One of archaeology’s more rugged, swashbuckling types, James Adovasio, Ph.D. softens the influence of macho-male hunters in human evolution while championing the role of women as central to the development of language and social life in his newest book, The Invisible Sex.
With anthropologist Olga Soffer and science editor Jake Page, Adovasio challenges the traditional view that brave, spear-bearing men hunted the mighty mammoth while women crouched timidly in the background, a bias advanced by a preponderance of men that, until recent decades, had dominated traditional archaeology.
“Most archaeologists now agree that the image of women in the past has been severely distorted or totally ignored by generations of male archaeologists,” Adovasio writes.
As two of the world’s leading experts on perishable artifacts, including cordage, basketry, and weaving, Adovasio and Soffer depict women of Paleolithic times as far more than passive consumers, pointing to important contributions they made in creating critical materials, from nets used for communal hunting to clothing for survival in cold climates and ropes used to make rafts for travel. More significantly, the book produces evidence of women’s involvement in a broad range of culture-building endeavors.
“Female humans have been the chief engine in the unprecedentedly high level of human sociability, were the inventors of the most useful of tools (called the String Revolution), have shared equally in the provision of food for human societies, almost certainly drove the human invention of language, and were the ones who created agriculture,” Adovasio writes.
This is not the first time Adovasio, founder and director of the Mercyhurst Archaeological Institute at Mercyhurst College in Erie, Pa., has dared to challenge archaeology’s orthodoxies. In The First Americans, he unveiled stunning details of a pivotal archaeological find with evidence of human habitation dating to 16,000 years ago, creating one of the most convincing rebuttals to the Clovis theory that holds that the first humans arrived 11,000 to 12,000 years ago. His conclusions were derived largely from the Meadowcroft Rockshelter near Pittsburgh, Pa., where he is principal excavator.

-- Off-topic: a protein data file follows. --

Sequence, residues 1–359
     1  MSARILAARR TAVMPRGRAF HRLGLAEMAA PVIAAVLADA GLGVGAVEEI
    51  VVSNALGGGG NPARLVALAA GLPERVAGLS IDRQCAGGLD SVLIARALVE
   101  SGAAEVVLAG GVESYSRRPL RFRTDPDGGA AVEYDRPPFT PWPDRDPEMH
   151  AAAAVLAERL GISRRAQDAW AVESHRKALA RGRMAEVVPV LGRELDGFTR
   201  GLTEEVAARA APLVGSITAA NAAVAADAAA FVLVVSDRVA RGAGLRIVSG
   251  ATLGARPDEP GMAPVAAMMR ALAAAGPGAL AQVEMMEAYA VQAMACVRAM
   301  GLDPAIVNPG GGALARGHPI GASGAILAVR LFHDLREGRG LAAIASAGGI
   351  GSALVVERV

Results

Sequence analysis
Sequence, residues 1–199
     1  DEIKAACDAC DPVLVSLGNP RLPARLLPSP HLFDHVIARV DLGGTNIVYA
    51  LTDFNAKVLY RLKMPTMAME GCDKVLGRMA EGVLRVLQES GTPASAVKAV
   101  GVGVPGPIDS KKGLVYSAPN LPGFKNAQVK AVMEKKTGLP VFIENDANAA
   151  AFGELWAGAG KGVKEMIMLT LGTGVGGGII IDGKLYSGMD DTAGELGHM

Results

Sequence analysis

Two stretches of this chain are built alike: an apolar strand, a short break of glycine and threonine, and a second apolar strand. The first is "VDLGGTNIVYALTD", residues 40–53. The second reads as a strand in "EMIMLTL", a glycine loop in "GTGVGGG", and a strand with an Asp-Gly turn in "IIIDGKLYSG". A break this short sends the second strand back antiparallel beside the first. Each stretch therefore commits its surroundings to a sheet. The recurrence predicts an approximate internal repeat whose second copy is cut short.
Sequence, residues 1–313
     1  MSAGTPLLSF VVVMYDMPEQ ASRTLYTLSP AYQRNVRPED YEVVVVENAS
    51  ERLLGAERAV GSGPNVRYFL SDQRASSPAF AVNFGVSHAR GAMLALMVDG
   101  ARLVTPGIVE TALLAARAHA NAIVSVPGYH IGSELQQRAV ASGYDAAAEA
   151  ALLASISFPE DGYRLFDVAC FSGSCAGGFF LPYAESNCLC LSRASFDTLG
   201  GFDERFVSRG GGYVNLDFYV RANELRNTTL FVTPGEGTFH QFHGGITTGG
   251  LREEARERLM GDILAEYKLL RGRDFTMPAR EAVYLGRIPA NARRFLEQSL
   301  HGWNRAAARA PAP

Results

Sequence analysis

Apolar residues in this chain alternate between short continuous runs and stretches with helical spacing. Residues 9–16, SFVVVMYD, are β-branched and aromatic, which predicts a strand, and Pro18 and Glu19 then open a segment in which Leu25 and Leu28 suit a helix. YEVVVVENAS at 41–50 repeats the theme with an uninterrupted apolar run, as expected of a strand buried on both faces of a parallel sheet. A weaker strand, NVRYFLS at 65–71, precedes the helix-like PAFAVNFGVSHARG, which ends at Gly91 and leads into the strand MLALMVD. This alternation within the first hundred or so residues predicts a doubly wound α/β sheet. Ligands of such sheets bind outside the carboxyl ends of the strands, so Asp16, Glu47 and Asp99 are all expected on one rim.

In The Invisible Sex, Adovasio acknowledges that much of the research on Ice Age humans centered on durable artifacts like spear points, stones, ivory and bones, whereas perishable artifacts like string, nets and textiles, which provided evidence of women’s work, went largely ignored.
Adovasio, himself, may not have tapped into the feminine side of archaeology were it not for a graduate studies professor who suggested – no, ordered – that he develop a proficiency in perishable technologies. Now, a life spent developing that expertise has led to discoveries about women in prehistory that elicit provocative implications for contemporary assumptions about gender and calls one to wonder, was it really “a man’s world?”
J.M. Adovasio, Olga Soffer, & Jake Page, authors of THE INVISIBLE SEX: Uncovering the True Roles of Women in Prehistory (Smithsonian Books/HarperCollins Publishers; February 2007; $26.95).
About the authors:
J.M. Adovasio, Ph.D., is the founder and director of the Mercyhurst Archeological Institute. He is the author of THE FIRST AMERICANS. Olga Soffer, formerly a fashion industry insider, is a professor of anthropology at the University of Illinois, Champaign-Urbana. Jake Page, a former editor of Natural History Magazine and science editor of Smithsonian Magazine, is the author of many books on American Indian affairs and the natural sciences.
KICK-OFF EVENT: The Heinz History Center, 1212 Smallman Street, Pittsburgh, Pa., in collaboration with HarperCollins Publishers and the Mercyhurst Archaeological Institute is hosting an invitation-only kick-off book signing and reception on Saturday, Feb. 17, from 2 to 4 p.m.